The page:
Over three quarters of Android threats are malicious apps that send SMS messages to premium rate numbers and could be mitigated by a protection feature present in Android 4.2, according to researchers from networking vendor Juniper Networks.
However, because manufacturers and carriers fail to update Android end-user devices in a timely fashion, only 4 percent of devices currently run Android 4.2, even though this version was released more than six months ago.
From March 2012 to March 2013, the number of mobile threats grew by 614 percent to reach a total of 276,259 malicious samples, researchers from Juniper Networks’ Mobile Threat Center (MTC) said in a report released Wednesday. Of those malicious applications, 92 percent target the Android operating system, they said.
The surge of Android malware in the past two years is consistent with the findings of other security vendors that track mobile threats. This growth is primarily driven by Android’s “commanding share” of the global smartphone market, the Juniper researchers said.
The majority of Android malware, 77 percent, are apps that earn money for their creators by either requiring users to send SMS messages to premium rate numbers or by surreptitiously sending such messages on their own. These threats usually masquerade as legitimate applications or come bundled in pirated apps.
The Juniper researchers estimate that every successful attack using such an app can bring an immediate profit of $10 for the attacker on average.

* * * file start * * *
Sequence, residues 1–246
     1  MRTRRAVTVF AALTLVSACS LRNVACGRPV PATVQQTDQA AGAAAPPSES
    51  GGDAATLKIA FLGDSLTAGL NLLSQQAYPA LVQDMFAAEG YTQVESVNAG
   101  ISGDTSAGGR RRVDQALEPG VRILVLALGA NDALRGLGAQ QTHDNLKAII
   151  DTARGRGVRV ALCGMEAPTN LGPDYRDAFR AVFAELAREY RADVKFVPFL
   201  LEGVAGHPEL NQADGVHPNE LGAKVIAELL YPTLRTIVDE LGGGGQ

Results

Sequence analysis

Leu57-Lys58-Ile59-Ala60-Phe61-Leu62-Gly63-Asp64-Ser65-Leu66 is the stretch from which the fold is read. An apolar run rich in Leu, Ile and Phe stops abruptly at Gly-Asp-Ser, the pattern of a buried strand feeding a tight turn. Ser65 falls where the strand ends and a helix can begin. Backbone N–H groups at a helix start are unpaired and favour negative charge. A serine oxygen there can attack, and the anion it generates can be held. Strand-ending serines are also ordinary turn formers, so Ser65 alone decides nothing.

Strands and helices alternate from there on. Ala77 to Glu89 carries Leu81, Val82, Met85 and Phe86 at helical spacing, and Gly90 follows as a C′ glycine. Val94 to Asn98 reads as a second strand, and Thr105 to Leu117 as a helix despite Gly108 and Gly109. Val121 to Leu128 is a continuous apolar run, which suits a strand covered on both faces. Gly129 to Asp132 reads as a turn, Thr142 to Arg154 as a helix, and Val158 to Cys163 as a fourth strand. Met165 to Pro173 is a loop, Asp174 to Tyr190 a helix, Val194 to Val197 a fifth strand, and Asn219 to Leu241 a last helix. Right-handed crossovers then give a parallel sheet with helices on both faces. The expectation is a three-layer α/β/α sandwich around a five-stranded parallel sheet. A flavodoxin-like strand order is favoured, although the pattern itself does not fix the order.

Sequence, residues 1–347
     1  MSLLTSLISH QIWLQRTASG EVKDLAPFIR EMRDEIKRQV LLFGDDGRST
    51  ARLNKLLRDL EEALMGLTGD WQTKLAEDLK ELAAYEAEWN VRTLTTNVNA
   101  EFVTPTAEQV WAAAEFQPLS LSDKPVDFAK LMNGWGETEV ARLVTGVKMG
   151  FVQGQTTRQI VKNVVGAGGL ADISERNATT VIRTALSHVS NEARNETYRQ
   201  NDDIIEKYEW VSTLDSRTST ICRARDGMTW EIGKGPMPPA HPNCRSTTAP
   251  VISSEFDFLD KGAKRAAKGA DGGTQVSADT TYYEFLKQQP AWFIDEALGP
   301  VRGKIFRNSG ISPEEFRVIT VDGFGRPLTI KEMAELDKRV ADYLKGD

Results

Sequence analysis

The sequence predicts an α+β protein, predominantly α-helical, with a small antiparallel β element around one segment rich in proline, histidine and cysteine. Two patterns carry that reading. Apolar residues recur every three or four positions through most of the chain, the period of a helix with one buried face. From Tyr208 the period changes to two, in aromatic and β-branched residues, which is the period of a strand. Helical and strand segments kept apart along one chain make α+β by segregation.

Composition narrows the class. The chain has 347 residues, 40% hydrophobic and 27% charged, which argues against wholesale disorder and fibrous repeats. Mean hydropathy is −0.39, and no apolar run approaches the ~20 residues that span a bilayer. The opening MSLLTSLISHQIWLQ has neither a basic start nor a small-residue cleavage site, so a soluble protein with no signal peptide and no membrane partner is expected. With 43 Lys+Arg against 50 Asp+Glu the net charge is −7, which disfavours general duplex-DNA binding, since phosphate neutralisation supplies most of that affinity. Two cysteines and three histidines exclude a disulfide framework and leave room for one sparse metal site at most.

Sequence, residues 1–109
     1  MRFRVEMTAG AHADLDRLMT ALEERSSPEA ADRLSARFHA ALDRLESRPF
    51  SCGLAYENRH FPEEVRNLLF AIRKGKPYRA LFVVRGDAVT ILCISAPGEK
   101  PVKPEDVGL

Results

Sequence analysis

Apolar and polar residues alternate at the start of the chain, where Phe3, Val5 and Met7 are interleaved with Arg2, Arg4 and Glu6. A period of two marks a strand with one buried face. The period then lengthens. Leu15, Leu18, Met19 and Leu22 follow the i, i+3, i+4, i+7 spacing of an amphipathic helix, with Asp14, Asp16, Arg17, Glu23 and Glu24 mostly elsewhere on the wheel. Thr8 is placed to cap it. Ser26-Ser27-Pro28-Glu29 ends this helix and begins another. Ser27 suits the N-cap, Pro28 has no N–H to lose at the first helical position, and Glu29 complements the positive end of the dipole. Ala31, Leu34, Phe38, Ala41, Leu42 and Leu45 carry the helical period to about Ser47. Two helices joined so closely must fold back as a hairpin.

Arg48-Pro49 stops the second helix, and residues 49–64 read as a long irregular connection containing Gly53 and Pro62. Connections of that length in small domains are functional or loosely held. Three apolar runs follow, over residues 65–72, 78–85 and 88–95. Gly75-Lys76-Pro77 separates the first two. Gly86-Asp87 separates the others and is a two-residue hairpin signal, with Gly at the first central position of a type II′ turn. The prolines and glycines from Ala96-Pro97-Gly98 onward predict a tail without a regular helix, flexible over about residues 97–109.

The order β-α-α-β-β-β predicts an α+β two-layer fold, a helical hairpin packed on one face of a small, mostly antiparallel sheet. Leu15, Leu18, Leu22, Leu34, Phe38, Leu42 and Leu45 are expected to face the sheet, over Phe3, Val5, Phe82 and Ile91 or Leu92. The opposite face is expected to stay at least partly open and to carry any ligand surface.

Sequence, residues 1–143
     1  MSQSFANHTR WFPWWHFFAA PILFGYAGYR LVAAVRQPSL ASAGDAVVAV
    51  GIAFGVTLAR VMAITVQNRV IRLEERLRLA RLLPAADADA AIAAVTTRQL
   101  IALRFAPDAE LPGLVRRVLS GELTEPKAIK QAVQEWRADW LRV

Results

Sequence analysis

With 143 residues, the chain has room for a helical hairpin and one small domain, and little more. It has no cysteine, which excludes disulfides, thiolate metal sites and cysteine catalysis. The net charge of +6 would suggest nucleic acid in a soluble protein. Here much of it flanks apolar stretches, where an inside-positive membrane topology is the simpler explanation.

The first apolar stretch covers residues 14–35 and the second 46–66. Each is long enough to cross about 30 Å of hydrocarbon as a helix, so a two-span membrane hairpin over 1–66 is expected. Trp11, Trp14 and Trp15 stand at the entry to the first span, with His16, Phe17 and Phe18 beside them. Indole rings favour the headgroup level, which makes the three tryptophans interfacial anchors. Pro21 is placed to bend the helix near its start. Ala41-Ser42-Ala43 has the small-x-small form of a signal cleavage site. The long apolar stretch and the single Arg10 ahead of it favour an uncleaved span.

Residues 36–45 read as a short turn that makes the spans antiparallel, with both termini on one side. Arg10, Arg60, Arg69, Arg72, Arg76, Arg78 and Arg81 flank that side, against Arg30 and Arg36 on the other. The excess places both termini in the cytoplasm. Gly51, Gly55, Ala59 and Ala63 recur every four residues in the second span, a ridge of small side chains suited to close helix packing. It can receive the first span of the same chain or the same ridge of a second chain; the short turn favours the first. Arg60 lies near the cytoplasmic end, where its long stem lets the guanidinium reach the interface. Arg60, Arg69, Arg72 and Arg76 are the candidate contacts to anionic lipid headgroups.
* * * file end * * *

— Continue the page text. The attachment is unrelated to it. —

Android 4.2 introduced a feature that detects attempts to send SMS messages to special rate numbers, also known as short codes, and prompts users for confirmation. Unfortunately, due to the Android market fragmentation, only 4 percent of Android devices are currently running Android 4.2.x.
This estimation is based on data collected from Google Play over a 14-day period ending on May 1, 2013, the Juniper researchers said. Based on the same data, the most common versions of Android found on devices are Android 2.3.3 to 2.3.7, also known as “Gingerbread,” with a 36.4 percent coverage and Android 4.0.3 and 4.0.4, also known as “Ice Cream Sandwich,” with 25.5 percent.
The lack of regular updates for Android devices contributes to the growth of Android malware, because the latest protections added by Google to the operating systems reach users too late or never, the researchers said.
The second most common type of Android threats are spyware applications that capture and transfer sensitive user data to attackers. These account for 19 percent of all malicious samples collected by Juniper’s MTC.
Some information-stealing Android Trojan apps discovered during the past year and distributed through drive-by downloads or phishing emails could also pose a threat to enterprise environments, the Juniper researchers said. Data collected from enterprise mobile devices running Juniper’s Junos Pulse endpoint collaboration and security software showed at least one infection on 3.1 percent of such devices.
While that figure is not large enough to raise a significant alarm, it is proof that the threat of mobile malware to corporate devices is not only theoretical, the Juniper researchers said. “We expect the presence of mobile malware in the enterprise to grow exponentially in the coming years.”